“The Main Ceremonies of the Khasi” by Dr Nakaulang Nriame, Assistant Professor, Rangia College, Dept of History.
The book entitled The Main Ceremonies of the Khasi is a translated work by Bijoya Sawain of three vernacular authors K.S. Marbaniang, Sitimon Sawain and Wallamphang Roy the book centered on the three important ceremonies of the Khasi community, their importance, and series of step and activities involved on it. Sawain has to her credit translated several books from Khasi into English which are mainly on the life and culture of the Khasi community. According to many historians, the Khasi Community of Meghalaya is one of the earliest inhabitants of undivided Assam. Despite the continuous onslaught of the more powerful religion such as Christian forces, they could sustain their traditions with a firm foundation which is aptly reflected in the book. The three articles narrate the naming ceremony of the baby, marriage, and death ceremony according to the Khasis belief and traditions. The authors of the three articles minutely narrate various shades of the ceremony with a list of materials required in each ceremony, the different sections of people involved in the ceremony, and the role played by each one of them. The book also narrates the various forms of prayers performed at various stages of the ceremony and also prayer hymns. Divine sanction and blessings are considered of utmost importance as each and every stage of the ceremonies are accompanied by a prayer to the U-blei – the supreme god for his blessings. Along with various prayers and rites involved in the ceremonies, the mantras or chanting in vernacular dialect has been rendered into English by Sawain which has enriched the contents of the book. Not only that, there are many Khasi terms that have been included in the book, which again have been rendered into English as well.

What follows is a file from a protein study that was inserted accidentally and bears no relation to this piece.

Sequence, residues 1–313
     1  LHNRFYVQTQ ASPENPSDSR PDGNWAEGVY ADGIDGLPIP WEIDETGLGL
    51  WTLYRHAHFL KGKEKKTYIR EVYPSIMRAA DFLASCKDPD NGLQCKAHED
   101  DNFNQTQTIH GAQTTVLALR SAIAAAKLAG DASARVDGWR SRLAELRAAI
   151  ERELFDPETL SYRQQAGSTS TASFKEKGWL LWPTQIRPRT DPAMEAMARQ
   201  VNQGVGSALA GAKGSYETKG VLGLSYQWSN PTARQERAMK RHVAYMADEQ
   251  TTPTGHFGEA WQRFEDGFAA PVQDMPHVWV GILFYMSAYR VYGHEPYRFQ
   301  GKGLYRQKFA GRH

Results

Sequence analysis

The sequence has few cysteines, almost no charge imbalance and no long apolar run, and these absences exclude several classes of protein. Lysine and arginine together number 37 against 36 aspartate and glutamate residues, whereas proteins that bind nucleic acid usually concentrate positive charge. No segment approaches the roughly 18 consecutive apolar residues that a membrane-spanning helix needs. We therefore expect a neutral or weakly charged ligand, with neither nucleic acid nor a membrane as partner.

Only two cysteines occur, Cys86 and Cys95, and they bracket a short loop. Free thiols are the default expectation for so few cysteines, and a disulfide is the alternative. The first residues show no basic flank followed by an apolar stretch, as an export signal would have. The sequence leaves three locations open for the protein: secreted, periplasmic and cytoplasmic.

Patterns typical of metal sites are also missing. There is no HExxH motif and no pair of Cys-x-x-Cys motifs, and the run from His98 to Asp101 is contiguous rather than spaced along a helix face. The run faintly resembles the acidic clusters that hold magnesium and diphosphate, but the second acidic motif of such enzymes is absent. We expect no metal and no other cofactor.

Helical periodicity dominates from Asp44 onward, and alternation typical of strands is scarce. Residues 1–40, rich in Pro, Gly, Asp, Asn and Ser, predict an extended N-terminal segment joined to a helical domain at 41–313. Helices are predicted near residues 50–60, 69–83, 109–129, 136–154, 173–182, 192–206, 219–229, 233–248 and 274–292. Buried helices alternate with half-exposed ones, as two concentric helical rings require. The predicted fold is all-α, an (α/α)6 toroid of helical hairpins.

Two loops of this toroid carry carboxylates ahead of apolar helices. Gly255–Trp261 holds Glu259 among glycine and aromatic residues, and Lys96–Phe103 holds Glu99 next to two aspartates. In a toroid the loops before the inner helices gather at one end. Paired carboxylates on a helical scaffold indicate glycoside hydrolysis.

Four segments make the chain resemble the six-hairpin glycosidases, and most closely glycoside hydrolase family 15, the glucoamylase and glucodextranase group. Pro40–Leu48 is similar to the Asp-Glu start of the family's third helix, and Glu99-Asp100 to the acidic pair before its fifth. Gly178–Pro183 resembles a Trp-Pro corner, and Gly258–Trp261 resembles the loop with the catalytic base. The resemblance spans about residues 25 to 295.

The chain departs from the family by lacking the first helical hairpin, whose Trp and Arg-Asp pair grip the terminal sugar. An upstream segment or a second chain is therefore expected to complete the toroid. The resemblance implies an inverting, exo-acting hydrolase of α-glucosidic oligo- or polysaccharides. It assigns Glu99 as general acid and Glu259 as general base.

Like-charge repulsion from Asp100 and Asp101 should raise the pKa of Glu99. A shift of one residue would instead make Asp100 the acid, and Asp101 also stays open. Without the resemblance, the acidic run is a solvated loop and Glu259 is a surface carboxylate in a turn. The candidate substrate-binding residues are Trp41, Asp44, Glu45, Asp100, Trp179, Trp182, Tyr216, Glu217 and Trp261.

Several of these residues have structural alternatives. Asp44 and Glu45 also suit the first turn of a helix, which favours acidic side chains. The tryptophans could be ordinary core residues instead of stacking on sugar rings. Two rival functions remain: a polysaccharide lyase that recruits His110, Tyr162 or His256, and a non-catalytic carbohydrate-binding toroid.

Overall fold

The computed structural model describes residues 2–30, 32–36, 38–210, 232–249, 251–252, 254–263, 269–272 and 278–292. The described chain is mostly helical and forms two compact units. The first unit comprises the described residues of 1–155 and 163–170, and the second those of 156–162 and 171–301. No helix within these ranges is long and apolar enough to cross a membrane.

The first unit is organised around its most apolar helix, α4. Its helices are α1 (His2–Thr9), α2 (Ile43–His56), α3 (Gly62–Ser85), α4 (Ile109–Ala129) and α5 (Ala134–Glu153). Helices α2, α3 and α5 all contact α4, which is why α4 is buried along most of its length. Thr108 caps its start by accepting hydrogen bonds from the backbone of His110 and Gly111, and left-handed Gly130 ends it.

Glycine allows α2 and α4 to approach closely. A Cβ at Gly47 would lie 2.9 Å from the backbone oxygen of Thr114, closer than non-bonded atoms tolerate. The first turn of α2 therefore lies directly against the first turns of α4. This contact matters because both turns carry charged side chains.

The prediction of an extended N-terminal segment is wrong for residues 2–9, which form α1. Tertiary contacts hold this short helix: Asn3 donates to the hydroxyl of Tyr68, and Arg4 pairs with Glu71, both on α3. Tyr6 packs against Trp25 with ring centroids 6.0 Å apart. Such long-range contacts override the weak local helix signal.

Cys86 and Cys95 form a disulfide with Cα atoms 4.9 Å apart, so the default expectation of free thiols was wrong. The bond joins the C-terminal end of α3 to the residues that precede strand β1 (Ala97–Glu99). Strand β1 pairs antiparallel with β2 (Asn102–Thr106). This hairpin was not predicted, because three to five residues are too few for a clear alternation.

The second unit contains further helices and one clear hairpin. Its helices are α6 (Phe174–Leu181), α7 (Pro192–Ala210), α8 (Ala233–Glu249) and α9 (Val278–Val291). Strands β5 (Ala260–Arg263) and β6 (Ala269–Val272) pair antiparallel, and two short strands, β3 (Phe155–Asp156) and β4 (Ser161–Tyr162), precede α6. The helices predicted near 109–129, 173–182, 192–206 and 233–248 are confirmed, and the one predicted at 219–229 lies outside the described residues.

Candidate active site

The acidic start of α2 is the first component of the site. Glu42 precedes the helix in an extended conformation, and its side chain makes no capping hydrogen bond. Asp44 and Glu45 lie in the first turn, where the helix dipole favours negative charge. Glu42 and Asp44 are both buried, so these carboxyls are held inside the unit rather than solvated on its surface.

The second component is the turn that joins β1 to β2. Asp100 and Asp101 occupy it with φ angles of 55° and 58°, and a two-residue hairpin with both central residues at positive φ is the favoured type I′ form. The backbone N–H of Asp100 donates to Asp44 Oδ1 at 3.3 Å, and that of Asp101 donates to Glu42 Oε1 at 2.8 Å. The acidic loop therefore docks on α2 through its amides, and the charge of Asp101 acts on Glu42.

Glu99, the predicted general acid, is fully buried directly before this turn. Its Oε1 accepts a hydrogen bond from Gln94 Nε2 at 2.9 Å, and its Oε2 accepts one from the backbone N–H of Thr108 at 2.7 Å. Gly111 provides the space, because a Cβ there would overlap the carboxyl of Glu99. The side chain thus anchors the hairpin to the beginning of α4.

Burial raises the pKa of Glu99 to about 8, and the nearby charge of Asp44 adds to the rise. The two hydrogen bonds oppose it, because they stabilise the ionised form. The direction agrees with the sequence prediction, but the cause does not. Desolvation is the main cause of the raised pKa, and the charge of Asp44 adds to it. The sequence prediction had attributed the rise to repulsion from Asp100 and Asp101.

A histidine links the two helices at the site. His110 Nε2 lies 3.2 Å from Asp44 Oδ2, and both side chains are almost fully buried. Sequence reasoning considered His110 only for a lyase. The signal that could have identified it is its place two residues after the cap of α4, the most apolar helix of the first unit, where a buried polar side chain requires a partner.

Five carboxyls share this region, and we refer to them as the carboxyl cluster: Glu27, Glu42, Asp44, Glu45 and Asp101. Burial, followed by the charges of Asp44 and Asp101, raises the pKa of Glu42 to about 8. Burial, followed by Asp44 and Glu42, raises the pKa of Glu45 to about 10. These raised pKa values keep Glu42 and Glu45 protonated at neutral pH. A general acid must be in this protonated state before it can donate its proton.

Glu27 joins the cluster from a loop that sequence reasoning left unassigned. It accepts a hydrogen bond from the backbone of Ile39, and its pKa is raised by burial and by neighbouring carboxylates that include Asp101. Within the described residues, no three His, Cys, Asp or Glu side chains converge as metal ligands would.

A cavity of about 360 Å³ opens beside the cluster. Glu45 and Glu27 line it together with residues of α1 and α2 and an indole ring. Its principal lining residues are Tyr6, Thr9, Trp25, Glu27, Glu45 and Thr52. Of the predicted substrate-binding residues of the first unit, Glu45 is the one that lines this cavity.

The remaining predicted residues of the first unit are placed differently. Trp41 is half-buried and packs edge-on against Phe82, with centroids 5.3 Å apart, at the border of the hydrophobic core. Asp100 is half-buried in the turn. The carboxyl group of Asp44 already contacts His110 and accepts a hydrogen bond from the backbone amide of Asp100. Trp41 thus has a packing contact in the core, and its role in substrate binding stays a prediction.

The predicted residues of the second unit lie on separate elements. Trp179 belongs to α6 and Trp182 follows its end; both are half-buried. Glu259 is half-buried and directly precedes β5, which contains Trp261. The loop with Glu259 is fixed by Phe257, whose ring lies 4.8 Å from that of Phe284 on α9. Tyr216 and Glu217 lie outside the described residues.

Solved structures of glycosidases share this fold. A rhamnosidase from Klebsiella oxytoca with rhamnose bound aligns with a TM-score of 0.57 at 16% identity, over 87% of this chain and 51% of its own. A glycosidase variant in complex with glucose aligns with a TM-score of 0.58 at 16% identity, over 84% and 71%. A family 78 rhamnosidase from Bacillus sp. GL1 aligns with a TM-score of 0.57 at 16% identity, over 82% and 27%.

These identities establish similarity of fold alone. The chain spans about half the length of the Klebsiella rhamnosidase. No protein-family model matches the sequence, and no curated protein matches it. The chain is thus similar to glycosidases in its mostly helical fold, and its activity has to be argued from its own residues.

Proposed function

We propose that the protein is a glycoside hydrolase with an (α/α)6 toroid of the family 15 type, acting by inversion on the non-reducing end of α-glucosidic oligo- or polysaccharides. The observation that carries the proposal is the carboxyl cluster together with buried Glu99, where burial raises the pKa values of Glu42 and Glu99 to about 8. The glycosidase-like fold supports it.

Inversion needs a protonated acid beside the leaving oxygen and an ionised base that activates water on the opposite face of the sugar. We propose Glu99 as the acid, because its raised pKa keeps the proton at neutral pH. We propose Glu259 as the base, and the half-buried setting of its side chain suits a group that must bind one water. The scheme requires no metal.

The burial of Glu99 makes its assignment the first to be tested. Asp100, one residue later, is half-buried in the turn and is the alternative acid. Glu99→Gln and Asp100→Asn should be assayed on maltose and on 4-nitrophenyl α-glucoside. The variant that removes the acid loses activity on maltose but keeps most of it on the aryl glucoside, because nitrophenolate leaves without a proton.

In many indigenous communities, every name given to the baby has divine sanctioned and approval as reflected in the first article, the naming Ceremony or Ka Jer Ka Toh originally penned in Khasi by Kwor Shon Marbaniang. Once the baby is born, a few names are given to the baby, but the final name is selected by following traditional rites. The name of the baby so selected following the traditional intricate ritual procedures is considered to have a divine sanction and approval. As in the case of many aspects of human society, the gender binary is also reflected in the naming ceremony. As the baby boy is supposed to be the protector, provider, and progenitor of the family, a ritual is done accordingly, while the girl is to take care of the home with the virtue of productivity and thrift is expected of her and so prayer for the same to be endowed on her.